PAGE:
He was born on October 11, 1933 in Prague, Czechoslovakia, the son of the late Karel A. Stekly and Jindriska (Wolfstahl) Stekly.
Dr. Stekly was the beloved husband of Suzanne Gibbs Stekly of Wayland. He was the loving father of Susan Stekly Williams and her husband Stephen W. Williams of Framingham, Paul F. Stekly and his wife Ashby Free of Cave Creek, AZ and of the late J. Steven Stekly. He leaves 5 grandchildren, a niece and 2 nephews.
After escaping Nazi occupied Czechoslavia, Dr. Stekly relocated temporarily to England before moving to Rio De Janeiro, Brazil where he spent the majority of his youth. Accepted into MIT at the age of sixteen, Dr Stekly completed his studies, the first in his class, receiving a BS in Mechanical Engineering, and a Masters in Mechanical and Electrical Engineering in 1955. In 1959 he received his Doctorate in Mechanical Engineering.
After working for AVCO Everett Research Lab, Dr. Stekly worked as chairman of Magnetic Corporation of America, specializing in the production of superconducting magnets for use in MRI Scanners, Maglev research, Dept of Defense and the Dept of Energy.
A pioneer in superconductivity applications, Dr Stekly developed the ‘Stekly Stability Criterion’ which defines the maximum efficient operating capacity of superconducting wire.
Inducted into the National Academy of Engineering in 1981, Dr. Stekly was also a member of the American Physical Society and the New England Council. He was elected to the Board of Directors of the FSH Society, Inc (Muscular Dystrophy). He belonged to the Phi Kappa Sigma Fraternity.
At the request of the family, there will be no services at this time. Private services will be held for the family at a later date. For those who desire, gifts in his memory may be sent to the FSH Society Inc., 64 Grove St, Watertown, MA 02472. (IEEE CSC)


Masaki Suenaga

January 1, 1938 to February 13, 2009
Masaki Suenaga
Masaki Suenaga - Feb. 13, 2009
Masaki Suenaga of Bellport, a retired award-winning scientist at Brookhaven National Laboratory and an adjunct professor at Stony Brook University, died Feb. 13 at age 71.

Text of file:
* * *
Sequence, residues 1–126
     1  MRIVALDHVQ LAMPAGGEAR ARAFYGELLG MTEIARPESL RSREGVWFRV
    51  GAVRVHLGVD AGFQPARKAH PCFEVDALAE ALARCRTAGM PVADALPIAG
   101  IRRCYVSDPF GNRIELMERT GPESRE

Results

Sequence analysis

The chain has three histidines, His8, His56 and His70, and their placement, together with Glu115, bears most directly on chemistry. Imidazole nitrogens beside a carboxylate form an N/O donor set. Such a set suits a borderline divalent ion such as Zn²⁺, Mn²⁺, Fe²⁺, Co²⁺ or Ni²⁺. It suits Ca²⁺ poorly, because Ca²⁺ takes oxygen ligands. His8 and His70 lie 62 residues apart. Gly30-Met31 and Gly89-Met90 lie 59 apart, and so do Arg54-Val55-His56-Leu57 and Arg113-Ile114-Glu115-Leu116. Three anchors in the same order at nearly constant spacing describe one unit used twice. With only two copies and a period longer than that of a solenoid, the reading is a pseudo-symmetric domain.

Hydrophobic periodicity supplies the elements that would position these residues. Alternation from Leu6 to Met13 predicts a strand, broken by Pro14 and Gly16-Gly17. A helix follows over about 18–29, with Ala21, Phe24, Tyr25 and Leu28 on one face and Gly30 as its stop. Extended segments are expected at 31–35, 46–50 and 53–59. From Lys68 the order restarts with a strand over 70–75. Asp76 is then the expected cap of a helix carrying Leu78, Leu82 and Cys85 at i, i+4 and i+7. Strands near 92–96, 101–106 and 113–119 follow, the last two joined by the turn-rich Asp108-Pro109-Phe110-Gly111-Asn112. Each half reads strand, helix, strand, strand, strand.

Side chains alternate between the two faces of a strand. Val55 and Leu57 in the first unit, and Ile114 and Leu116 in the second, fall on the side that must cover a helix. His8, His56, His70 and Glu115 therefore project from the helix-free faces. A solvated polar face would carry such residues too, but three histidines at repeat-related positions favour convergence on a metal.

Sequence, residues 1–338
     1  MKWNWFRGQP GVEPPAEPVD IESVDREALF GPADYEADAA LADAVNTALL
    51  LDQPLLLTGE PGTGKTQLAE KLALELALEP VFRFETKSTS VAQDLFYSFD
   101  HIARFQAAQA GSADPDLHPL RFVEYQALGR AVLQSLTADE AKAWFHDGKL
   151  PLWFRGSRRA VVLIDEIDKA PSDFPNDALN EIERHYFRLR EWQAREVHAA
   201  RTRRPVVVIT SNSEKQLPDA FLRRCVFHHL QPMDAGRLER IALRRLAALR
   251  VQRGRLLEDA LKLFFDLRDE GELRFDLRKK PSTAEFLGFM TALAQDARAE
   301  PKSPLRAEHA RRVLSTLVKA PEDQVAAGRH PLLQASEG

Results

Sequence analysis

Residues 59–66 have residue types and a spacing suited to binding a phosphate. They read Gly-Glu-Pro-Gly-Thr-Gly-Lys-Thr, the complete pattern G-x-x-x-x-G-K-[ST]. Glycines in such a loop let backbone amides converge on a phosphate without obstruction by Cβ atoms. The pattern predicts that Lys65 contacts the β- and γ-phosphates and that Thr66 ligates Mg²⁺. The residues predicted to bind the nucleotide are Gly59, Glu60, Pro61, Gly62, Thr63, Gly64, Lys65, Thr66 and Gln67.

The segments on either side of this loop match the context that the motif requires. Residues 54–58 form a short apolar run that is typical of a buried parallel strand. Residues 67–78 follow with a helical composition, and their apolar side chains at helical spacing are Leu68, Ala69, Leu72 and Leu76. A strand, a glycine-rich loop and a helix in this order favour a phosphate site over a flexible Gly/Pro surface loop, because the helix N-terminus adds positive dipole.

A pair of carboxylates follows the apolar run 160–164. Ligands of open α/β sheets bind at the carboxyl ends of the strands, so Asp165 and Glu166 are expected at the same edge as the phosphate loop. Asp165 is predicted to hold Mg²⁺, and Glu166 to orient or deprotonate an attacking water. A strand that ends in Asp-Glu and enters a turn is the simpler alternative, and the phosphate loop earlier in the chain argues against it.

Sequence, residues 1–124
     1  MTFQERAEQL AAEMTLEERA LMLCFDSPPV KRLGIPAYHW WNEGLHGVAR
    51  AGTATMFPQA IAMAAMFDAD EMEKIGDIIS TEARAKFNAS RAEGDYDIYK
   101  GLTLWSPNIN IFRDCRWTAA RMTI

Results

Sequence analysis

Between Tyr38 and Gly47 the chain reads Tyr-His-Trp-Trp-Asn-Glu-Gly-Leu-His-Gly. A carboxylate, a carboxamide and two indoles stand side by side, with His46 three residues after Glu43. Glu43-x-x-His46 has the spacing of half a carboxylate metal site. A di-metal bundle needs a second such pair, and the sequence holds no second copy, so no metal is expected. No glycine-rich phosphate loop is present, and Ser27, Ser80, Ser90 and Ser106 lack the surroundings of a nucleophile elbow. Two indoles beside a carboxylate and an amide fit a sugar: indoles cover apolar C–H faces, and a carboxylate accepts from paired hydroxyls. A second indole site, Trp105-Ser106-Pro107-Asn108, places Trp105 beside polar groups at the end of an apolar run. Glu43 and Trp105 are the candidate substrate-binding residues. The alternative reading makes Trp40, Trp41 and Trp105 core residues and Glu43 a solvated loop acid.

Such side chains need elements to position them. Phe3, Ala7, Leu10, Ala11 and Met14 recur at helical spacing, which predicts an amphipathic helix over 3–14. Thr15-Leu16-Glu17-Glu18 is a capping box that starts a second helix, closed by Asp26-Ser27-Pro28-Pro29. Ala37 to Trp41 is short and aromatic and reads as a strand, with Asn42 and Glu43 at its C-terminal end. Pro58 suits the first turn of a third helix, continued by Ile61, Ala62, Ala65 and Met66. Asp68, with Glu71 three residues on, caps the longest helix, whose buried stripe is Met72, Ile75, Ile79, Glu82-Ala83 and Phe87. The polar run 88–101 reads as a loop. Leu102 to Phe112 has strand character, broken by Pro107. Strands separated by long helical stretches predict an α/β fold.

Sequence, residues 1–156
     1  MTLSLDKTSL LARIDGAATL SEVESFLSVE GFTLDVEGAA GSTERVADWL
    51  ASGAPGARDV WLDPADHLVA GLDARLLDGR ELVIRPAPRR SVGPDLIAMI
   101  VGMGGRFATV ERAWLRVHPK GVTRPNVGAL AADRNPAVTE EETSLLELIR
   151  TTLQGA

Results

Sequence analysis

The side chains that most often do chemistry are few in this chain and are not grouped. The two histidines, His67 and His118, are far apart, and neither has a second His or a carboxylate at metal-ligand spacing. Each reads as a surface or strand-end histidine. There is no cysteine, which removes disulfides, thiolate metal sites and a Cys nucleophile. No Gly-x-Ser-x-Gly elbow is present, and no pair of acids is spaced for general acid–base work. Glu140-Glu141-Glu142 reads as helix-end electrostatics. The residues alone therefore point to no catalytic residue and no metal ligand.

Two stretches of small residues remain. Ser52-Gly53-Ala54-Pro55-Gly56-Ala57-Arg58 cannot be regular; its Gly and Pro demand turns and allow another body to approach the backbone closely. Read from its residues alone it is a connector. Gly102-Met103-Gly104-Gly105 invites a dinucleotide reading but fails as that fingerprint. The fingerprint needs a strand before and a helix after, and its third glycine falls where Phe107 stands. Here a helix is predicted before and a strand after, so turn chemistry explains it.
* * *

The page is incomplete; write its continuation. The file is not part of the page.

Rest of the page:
Dr. Suenaga received the the IEEE COUNCIL ON SUPERCONDUCTIVITY AWARDS FOR CONTRIBUTIONS IN THE FIELD OF APPLIED SUPERCONDUCTIVITYduring the 2008 Applied Superconductivity Conference,, which was held last September in Chicago, IL. After receiving his Award, Dr. Suenaga said, "I feel fortunate that I've been able to do work that I like and that my research has resulted in useful technologies."
Suenaga's study of the superconductor niobium-tin helped to lay the groundwork for the first high-temperature superconductor power transmission cable system. That system, installed last year by the Long Island Power Authority in Holbrook, allows for the use of far less cable to conduct many times more power than more traditional systems.

Born in Shimonoseki, Japan, Suenaga moved to the United States after high school, and attended the University of California at Berkeley. There, he earned a bachelor of science degree in electrical engineering in 1962, a master's degree in engineering in 1964, and a doctorate in metallurgy in 1969.

Yoko Suenaga, his wife, said her husband loved reading, studying and researching everything. "For instance," she said, "before we'd go to Italy or Spain, he'd borrow books and study their history and culture ... He was devoted to research, a never-ending job ... his whole life."

Suenaga was diagnosed with leukemia about two years ago, and retired from Brookhaven Lab about that time, his wife said, but he maintained office space at the lab, and continued to work three days a week as a guest scientist.

He first joined Brookhaven Lab in 1969 as an assistant metallurgist, moving up through higher positions over the years until he became senior metallurgist in 1983. He was an adjunct professor of material sciences at Stony Brook, and was honored in November by the lab with the title of Senior Scientist Emeritus.

Diane Greenberg, a lab spokeswoman said in a statement after his death, "The title is given to BNL retired scientists ... who have made particularly noteworthy contributions to the Laboratory's reputation as a world-class scientific institution."

In addition to his wife, of Bellport, he is survived by his mother, Aiko Suenaga of Shimonoseki; two sons, Ken of Yokohoma, Japan, and Ben of Manhattan; and two grandsons.

Suenaga was to be buried in Japan this week.

A memorial service is tentatively planned for next month on Long Island. (IEEE CSC)

Source: Newsday, 21 February 2009


Hiromi Hirabayashi

January 1, 1934 to April 11, 2008
Hiromi Hirabayashi
Hiromi Hirabayashi, a leading figure and professor emeritus of KEK, passed away on 11 April 2008. He was an internationally renowned pioneer in the field of applied superconductivity and cryogenics for high-energy physics.
Hirabayashi was born in Gifu Prefecture, renowned for the Shirakawa-go world heritage site. He was educated in nuclear engineering at the graduate school of Tokyo Institute of Technology, where he gained his PhD in 1966, before becoming a research associate at the Institute of Nuclear Study at the University of Tokyo. He worked on preparations for the National Laboratory for High Energy Physics, or KEK, now the High Energy Accelerator Research Organization, in particular in developing a hydrogen bubble chamber, essential for high-energy physics experiments in Japan. At the same time he established cryogenics – the necessary basic engineering – as a new academic discipline in Japan, and contributed to the development of applied superconductivity and cryogenics in collaboration with Japanese industry. (Read complete obituary.) (IEEE CSC)